Free Press employees make bid to buy paper
By Donna MacMullin
"Let's try to keep at least one jewel in the crown and build a tradition on it."
These were the sentiments expressed by David Spencer, Western's acting dean of journalism, at a news conference held yesterday to discuss the possibility of a employee bid to buy The London Free Press.
Community members, employees and representatives from the press were all on hand at the forum, eager to listen to the rationale behind an employee-led purchase of the newspaper, which went up for sale in late January.
Today marked the deadline for submission of a bid to Blackburn Group Inc., current owners of the paper. The group is also expecting bids from large media corporations.
The possibility The London Free Press could belong to a large corporation has raised considerable concern among members of the community who fear a loss of independence will have a detrimental effect on the focus of the paper.
"There would be no national advertising sold out of London, they would probably not print out of London and there would be more homogenization of content in the newspaper," he said, adding the number one priority of employees of the paper is to instead retain a community-oriented focus.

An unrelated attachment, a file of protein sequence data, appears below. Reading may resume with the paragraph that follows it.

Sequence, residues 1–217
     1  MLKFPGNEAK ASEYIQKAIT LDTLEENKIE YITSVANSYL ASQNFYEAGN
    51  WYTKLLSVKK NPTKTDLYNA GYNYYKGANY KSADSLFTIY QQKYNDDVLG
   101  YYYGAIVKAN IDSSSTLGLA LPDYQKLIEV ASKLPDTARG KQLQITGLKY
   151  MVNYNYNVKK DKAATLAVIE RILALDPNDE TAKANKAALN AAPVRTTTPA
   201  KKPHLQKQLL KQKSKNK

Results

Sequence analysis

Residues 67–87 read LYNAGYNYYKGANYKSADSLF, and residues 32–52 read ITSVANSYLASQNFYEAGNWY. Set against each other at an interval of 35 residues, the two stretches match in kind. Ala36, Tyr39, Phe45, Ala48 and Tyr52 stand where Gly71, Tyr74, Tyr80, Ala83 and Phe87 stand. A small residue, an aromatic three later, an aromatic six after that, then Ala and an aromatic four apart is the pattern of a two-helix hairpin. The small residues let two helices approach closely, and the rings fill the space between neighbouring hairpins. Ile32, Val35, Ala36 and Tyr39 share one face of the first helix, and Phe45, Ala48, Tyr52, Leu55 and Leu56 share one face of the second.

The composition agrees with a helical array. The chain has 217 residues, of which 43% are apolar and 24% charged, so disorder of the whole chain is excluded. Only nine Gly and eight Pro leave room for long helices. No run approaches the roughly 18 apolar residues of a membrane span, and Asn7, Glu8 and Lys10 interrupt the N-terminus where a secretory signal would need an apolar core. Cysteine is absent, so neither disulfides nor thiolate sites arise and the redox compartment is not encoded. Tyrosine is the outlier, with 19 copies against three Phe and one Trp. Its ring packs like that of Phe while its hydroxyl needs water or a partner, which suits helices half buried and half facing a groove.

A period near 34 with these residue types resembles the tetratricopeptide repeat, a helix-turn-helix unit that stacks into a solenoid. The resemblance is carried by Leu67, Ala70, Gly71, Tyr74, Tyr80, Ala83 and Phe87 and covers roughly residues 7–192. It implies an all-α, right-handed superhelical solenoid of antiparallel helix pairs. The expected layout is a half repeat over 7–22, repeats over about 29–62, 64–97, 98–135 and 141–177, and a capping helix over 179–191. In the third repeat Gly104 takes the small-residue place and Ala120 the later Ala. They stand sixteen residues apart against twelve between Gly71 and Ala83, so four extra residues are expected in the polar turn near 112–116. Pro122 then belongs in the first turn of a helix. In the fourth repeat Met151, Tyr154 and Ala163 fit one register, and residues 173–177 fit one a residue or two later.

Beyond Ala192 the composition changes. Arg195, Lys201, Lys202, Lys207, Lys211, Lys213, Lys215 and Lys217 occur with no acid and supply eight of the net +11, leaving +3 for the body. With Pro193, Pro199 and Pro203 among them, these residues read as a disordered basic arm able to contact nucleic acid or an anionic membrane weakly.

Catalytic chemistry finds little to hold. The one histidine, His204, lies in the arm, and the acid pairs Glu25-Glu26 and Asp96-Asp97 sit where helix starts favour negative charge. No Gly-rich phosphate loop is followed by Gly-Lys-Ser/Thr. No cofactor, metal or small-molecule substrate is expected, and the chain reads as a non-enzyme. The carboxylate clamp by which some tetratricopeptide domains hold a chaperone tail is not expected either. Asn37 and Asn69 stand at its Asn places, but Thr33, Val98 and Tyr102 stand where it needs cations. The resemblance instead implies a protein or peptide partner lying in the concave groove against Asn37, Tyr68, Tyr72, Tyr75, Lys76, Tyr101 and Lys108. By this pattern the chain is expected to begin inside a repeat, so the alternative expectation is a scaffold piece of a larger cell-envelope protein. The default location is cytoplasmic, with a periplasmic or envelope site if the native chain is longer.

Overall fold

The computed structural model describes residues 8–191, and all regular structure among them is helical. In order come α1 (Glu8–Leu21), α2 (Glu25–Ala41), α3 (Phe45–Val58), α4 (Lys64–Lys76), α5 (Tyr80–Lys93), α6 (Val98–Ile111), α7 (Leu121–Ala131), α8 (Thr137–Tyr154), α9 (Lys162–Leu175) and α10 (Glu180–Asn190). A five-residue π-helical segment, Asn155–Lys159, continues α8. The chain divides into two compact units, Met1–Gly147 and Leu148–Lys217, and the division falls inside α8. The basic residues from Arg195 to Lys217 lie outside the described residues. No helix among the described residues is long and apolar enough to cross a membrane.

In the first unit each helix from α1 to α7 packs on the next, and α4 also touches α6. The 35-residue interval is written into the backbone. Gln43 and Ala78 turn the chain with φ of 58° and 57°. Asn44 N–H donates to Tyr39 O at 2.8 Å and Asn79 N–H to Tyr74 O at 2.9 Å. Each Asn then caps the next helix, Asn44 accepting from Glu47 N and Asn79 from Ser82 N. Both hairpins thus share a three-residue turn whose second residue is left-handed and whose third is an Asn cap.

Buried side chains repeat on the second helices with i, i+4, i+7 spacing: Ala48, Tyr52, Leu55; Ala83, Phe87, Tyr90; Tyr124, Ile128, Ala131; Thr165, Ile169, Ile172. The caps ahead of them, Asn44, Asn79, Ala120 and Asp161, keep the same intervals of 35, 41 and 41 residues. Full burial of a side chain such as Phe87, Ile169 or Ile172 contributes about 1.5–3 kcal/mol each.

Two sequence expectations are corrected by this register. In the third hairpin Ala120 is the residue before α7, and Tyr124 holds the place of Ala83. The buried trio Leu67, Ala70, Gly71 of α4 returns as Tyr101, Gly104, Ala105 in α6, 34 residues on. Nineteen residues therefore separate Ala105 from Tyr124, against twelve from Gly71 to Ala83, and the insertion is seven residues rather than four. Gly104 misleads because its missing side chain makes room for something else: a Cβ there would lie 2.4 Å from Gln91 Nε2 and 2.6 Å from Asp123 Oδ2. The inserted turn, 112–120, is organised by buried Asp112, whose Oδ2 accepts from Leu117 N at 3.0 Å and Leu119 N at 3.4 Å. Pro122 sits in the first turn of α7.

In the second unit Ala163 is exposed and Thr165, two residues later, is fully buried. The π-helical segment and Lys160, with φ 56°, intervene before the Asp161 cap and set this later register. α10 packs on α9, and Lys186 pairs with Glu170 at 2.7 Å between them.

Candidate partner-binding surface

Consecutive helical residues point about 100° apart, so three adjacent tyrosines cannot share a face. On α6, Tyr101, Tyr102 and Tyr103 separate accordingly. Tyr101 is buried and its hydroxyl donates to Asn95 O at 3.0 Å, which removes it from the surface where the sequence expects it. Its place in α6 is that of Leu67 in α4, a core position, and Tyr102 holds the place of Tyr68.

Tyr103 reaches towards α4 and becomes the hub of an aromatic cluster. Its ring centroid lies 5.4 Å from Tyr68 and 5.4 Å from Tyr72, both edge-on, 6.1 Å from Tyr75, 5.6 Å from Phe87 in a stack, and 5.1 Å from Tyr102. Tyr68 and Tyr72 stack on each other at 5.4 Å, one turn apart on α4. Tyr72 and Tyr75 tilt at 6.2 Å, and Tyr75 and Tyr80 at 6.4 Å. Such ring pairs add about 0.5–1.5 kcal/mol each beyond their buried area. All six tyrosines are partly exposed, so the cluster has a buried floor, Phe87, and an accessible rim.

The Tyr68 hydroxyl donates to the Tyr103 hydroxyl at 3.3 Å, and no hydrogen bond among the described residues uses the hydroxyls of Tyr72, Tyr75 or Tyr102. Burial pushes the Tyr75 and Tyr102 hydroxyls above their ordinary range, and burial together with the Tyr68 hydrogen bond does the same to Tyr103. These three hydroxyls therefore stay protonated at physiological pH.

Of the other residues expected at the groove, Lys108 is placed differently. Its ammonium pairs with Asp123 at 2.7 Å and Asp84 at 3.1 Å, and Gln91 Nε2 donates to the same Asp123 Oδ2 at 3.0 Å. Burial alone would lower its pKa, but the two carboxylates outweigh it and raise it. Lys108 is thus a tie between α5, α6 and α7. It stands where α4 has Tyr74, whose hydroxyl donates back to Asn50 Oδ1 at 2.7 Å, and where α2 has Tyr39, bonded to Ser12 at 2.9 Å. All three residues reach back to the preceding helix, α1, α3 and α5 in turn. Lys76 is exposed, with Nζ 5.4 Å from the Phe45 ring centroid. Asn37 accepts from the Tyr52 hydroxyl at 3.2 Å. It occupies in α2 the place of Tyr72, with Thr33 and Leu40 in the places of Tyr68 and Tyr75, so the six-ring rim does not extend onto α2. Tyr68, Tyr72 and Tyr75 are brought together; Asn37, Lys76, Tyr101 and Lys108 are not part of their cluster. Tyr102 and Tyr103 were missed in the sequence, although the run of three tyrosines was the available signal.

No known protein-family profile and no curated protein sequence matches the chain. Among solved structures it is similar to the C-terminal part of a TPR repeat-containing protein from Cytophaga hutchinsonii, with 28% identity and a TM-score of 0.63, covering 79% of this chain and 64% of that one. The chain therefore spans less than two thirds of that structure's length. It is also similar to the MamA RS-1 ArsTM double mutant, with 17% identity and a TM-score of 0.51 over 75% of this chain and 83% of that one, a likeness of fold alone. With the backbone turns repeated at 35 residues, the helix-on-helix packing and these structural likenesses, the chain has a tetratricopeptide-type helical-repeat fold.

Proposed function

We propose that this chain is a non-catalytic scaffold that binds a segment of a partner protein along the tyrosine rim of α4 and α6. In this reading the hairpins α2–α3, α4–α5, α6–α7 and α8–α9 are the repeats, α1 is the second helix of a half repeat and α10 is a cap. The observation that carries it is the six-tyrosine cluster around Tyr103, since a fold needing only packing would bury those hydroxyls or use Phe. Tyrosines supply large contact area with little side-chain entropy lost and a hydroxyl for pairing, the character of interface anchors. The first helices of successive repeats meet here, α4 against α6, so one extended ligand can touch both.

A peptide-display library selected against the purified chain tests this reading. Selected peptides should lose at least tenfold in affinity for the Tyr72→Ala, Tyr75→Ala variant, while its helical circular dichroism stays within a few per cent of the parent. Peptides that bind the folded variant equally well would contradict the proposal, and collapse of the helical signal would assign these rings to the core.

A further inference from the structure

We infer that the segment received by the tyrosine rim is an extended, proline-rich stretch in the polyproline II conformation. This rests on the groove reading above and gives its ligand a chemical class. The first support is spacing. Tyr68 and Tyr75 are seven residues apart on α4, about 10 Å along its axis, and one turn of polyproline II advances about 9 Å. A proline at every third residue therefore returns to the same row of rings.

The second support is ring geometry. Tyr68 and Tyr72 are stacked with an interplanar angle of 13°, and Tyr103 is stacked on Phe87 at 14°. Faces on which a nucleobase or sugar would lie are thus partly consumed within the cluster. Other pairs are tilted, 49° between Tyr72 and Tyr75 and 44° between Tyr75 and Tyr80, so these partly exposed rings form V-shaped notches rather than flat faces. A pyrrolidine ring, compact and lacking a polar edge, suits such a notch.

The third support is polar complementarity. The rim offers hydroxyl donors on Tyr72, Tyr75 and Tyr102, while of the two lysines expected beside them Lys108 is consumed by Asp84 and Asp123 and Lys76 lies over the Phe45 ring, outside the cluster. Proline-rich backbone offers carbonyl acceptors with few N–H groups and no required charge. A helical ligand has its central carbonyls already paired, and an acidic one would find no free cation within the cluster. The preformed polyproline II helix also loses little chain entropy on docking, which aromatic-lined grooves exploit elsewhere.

"People who participate in the economy of this city should at least take part in the community of this city," Spencer added. "[Consolidated ownership] would dictate how ad lines affect news, as opposed to how the news affects the ad lines."
John Matsui, a former editor and writer for the newspaper, said it would be a shame if employees weren't given every opportunity to bid. "I believe The London Free Press is a very unique publication one that the London community is well served by," he said.
Matsui said the employees committee is also requesting the Blackburn Group give them the latitude to make their bid more feasible in competition with corporate bids. "It's a monumental task to come up with tens of millions of dollars and a five-week time line is not a level playing field," he said, adding some of the major newspaper companies were informed of the sale of the paper before it was publicly announced and were therefore given an advantage.
Matsui said out of the 380 employees at the paper, almost all have been contacted and more than 90 per cent have agreed with the bidding action. "They purchase shares between $5,000 and $10,000 each, depending on their salary and the amount is later deducted from their payroll over a period of three years," he said, adding employees expect to be able to place a bid over $30 million today.
Bill Brady, senior vice-president of the Blackburn Group, said the employee-led bid will be given equal consideration to other offers received by the group. "The employees have demonstrated great vigor. Their offer will be considered with others as a bonafide bid."
"It would be a fitting legacy to pass on the torch of the independent newspaper to the employees," Matyas said. "It's an attractive business and the reason for this is because the staff put it there."